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Re: Pagey vs the Beatles RE: beck the elder (was "here is...")
----- Original Message -----
From: "samba -" <email@example.com>
Sent: Monday, May 09, 2005 21:36 PM
Subject: RE: Pagey vs the Beatles RE: beck the elder (was "here is...")
> Yeah homage makes more sense than spoof. I think Lennon was honorable
> the case ,either way.Interesting thing about Berry is that he was in an
> excellent position to capitalize on the late 60s early 70s rock
> explosion.He was working the college circuit and would just hire
> local musicians he found , pay 'em very little,wouldn't rehearse
> they'd know his stuff and would just launch into tunes with little
> warning. The results were often sloppy and he got the rep of being
> unreliable,or worse. He could easily have worked the stadium circuit and
> done really well if he'd just had a good band and been organized.
> I interpreted Lennon's opening line as an homage to Berry's "You Can't
> Catch Me," and I thought it was bullshit for Berry to make a big deal of
In the late 60s Chuck Berry was only slightly thought of by the pop
music-listening public, who if asked would most likely think of him as a
relic of a bygone age. The surge in Fifties shows in the early 70s was
sparked by the coming-of-age of people who were teenagers in the 50s, and,
domino-like, the massive film-soundtrack success of "American Graffiti".
Suddenly high school bands were playing 50s music again.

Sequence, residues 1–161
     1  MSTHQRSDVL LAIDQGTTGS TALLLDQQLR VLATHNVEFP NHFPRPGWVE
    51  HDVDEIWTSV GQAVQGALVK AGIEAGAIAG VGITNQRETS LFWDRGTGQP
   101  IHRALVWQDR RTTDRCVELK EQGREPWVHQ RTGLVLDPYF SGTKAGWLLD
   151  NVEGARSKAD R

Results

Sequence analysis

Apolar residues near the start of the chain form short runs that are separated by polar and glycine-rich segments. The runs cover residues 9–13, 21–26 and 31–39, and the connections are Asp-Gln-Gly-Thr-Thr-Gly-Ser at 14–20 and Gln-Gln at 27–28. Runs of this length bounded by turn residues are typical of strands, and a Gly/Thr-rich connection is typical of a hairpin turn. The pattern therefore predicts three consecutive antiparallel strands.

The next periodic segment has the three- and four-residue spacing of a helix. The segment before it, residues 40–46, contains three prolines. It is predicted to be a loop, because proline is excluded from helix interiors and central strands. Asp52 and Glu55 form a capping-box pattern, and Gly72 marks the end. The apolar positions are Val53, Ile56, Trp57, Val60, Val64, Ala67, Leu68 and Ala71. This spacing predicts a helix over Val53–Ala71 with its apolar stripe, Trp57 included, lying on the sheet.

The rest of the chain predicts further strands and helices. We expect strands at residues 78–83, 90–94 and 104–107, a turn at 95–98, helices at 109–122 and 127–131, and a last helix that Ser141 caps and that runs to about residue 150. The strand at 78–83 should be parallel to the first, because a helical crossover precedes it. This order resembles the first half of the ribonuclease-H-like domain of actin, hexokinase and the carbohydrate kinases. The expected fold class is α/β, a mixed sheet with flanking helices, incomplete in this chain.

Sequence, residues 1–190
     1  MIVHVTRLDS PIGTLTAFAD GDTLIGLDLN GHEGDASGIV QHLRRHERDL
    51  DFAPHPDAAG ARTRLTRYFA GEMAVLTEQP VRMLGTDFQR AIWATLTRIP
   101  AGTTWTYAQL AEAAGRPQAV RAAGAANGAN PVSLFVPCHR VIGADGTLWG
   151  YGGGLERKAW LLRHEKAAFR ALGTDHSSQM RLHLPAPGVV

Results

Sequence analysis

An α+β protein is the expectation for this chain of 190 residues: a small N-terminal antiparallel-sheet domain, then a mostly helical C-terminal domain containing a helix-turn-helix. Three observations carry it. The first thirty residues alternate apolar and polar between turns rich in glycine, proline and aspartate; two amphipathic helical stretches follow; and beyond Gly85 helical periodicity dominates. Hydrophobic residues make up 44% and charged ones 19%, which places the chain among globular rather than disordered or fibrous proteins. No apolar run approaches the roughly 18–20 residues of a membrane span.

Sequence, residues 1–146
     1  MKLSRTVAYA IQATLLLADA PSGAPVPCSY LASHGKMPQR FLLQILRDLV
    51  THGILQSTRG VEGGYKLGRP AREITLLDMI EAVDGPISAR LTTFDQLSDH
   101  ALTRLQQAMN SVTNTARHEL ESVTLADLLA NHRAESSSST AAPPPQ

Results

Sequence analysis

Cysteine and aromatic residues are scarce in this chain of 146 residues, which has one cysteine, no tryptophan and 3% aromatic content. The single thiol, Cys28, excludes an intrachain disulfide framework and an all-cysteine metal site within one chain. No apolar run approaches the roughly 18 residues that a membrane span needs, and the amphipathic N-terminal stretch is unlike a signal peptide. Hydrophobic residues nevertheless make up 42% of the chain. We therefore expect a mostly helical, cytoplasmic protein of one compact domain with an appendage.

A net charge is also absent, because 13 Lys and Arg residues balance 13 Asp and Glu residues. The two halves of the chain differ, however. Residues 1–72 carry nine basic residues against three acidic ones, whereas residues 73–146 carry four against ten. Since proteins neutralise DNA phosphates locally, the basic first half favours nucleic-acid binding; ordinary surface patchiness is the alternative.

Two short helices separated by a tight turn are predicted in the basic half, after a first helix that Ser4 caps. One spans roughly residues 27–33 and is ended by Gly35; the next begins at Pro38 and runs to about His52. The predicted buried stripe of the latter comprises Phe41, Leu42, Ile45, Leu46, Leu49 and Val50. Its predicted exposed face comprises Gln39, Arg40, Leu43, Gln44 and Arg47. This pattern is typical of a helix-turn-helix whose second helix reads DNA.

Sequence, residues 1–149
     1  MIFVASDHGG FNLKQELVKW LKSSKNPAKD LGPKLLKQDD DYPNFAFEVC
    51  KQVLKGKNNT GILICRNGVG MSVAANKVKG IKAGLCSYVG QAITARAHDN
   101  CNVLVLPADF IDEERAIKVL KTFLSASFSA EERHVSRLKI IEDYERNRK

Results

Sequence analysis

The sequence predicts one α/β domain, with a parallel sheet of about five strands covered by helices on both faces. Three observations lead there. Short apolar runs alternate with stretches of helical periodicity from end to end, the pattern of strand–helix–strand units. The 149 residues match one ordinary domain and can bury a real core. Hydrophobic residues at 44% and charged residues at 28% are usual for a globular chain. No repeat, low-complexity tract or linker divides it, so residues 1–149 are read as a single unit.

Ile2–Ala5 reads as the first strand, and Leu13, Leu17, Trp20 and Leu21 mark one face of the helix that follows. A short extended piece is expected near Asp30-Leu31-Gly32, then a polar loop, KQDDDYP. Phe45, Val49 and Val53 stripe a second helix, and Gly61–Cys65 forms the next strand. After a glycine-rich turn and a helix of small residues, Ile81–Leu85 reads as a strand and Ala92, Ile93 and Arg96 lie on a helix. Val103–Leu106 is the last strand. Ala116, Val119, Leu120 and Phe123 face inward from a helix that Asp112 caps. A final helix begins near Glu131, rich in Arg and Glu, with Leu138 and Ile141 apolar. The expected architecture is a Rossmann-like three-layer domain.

I remember hearing Lennon's - well kinda his, huh? - "Rock and Roll" when
came out, wondering why the hell he bothered at the time, but also
"Hey, he was a Beatle, he can do what he wants."
So the story has it that Chuck would pay the band $1000 - this one
corroborated by Bruce Springsteen, whose band opened for and backed him
night ("Earn that money, boys!"), no notice as to which song was going to
played except via the opening guitar. Chuck's detractors never mention
every one of his songs begins differently. It's the opening riffs that
the clue, and if you were thinking quick enough, and was a good guitarist
and knew Chuck Berry's songs - it would have been at worst a strenuous
exercise in knowing your instrument, and knowing the songs. And at best
could say you played with one of the creators of Rock and Roll.
One could say that the Chuck Berry shows might have seemed sloppy - but
unlike Eric Clapton, Chuck never got nearly booed off the stage for being
whacked out of his mind enough to screw up the opening of his biggest hit.
Well, Chuck had more than a few hits, too, come to think of it.
Years later I caught the tape of the Toronto shows where Lennon was on
with Chuck Berry and (I think) Eric Clapton, and (unfortunately) Yoko, who
caused everyone but John to just look embarrassed when she did her wounded
fox screeching routine. It's a weird moment.
But considering that Chuck's been ripped off by just about every level of
the music biz his irritation is more than understandable, it's forgivable
and in many cases quite justified.
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